Harare city councillors are back from their annual recess with little expected from them except intense fighting with departmental heads whom they accuse of sabotaging them.
Councillors who spoke to NewsDay said they wanted to “cleanse” Town House and work with directors willing to implement their resolutions.
“This year there is no more sleeping on duty and all the directors who are not inspired to work should just go home,” said one councilor who preferred to remain anonymous.
“Serious projects are gathering dust and this year we cannot allow that to happen. We cannot allow projects to gather dust,” said the councillor.
After an eventful year that saw the city fathers in the dock for allegedly criminally defaming businessman Phillip Chiyangwa, the councillors this year said they had a fresh start, but little should be expected from them.
Another councillor said this year would see more of internal re-organisation, infighting and service delivery, but seemed to confirm that further investigations on the Chiyangwa issue as envisaged by other councillors was all but dead.
“We really want to achieve on service delivery. We want to do what people voted us for but it seems with the fear and panic in the local authority, there is nothing much to expect on further investigating Chiyangwa,” said the councillor.
Two of the councillors who have been vocal and pushing for Chiyangwa to be investigated have since been suspended.
Among council projects that have been gathering dust is the proposed erection of Mupedzanhamo Phase 2 that has since been hijacked by Zanu PF.
Council is set to embark on massive construction of houses in different suburbs to curb the housing backlog in the city.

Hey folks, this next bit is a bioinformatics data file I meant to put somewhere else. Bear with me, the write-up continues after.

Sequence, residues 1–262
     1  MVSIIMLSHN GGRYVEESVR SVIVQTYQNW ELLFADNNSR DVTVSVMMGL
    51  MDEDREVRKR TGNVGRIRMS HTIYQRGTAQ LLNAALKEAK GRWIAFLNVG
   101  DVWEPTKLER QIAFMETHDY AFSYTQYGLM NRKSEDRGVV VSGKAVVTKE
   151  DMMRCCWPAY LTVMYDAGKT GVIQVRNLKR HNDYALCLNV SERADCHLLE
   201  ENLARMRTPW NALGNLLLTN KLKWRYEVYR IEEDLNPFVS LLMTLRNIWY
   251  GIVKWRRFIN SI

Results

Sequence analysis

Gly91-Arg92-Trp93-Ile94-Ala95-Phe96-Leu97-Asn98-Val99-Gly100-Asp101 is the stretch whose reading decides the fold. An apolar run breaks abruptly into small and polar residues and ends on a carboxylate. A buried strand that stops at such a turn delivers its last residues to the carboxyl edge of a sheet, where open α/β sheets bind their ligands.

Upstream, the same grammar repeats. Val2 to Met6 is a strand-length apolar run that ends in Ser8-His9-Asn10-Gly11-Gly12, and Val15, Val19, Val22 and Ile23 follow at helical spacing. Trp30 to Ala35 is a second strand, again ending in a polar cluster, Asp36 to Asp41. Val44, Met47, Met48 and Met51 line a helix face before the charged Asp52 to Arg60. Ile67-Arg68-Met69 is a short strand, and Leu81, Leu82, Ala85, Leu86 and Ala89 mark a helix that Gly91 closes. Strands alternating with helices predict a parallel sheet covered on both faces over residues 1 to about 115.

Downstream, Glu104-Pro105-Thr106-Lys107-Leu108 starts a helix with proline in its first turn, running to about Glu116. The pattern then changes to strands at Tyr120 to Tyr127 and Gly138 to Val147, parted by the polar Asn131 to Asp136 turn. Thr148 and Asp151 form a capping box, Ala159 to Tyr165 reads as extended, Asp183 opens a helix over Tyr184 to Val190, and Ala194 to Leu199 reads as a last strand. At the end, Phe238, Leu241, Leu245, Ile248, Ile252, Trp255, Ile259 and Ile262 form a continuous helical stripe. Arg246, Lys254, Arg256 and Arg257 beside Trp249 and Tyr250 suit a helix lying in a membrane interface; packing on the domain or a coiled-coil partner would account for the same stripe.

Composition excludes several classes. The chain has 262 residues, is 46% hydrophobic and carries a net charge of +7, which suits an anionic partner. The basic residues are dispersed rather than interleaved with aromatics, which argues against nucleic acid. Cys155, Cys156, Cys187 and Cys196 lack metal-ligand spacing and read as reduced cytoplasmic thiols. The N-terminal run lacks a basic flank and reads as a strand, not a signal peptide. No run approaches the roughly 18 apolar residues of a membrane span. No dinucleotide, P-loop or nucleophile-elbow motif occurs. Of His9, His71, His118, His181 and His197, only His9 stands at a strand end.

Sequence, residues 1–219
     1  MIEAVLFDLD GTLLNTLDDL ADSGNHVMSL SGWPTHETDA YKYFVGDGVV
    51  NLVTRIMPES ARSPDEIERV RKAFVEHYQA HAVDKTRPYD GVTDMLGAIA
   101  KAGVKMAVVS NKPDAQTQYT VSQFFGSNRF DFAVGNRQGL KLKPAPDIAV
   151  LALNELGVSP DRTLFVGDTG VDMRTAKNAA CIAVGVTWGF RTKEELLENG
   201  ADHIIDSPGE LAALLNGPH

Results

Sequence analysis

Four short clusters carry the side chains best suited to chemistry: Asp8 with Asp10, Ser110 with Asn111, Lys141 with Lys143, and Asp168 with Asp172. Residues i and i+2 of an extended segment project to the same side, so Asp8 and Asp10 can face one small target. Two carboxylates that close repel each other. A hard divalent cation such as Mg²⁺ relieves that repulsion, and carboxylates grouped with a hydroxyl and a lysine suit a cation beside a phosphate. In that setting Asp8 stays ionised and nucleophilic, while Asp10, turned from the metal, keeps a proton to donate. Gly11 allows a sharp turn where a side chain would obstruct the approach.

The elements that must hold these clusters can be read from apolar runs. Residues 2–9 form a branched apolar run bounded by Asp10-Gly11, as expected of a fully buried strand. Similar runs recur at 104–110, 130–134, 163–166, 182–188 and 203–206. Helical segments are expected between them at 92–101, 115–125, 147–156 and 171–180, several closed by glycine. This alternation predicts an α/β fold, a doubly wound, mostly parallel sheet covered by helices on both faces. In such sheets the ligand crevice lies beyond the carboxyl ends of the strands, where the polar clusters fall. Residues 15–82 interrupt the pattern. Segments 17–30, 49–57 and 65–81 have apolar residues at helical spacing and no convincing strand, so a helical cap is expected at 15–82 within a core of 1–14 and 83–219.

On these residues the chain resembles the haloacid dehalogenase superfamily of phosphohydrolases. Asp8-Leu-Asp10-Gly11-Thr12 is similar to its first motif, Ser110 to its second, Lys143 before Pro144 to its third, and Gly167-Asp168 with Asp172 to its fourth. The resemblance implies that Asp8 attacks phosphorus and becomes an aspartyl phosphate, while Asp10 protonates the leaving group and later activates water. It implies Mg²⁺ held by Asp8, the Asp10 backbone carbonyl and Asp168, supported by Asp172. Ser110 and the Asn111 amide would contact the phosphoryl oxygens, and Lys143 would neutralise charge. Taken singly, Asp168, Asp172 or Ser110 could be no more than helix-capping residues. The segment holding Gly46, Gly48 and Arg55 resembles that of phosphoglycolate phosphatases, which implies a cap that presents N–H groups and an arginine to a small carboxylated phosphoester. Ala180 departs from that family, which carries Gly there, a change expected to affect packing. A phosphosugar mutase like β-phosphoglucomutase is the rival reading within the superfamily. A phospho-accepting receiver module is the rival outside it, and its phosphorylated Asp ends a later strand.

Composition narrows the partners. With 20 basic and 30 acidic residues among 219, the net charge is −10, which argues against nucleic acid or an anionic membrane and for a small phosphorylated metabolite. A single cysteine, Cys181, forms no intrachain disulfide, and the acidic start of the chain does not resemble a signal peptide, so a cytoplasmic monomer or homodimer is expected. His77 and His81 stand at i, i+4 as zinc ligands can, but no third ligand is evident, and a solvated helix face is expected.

Mayor Muchadeyi Masunda said he was worried over the delay by other departmental heads to clear generators he sourced from Germany.
“Councillors are frustrated and understandably so at the slow pace by the directors,” he said.
“The councillors are not wrong and there has been lethargy on the part of functionaries who have to find reason to move out of this lethargy,” he said.
“In November 2009, a German business delegation came and asked how council institutions like clinics operate in case of a power cut. They donated two generators one for Wilkins Hospital and the other for Beatrice Road Infectious Diseases Hospital. I am told the generators have been in South Africa since May,” he said.
“That’s the mind boggling lethargy I am talking about and I will be embarrassed if the group comes here in February and ask about the generators,” he said.
Masunda, however, said the city would work together and embark on an ambitious project to reclaim the Thermal Power Station from power utility Zesa.
“I am disappointed on the state of affairs on the street lights in the city. We should have them working to improve security in high density areas,” he said.
“Housing has not been given the attention it deserves for a long time. We have managed to entice the Bill and Melinda gates foundation to assist this regard,” he said.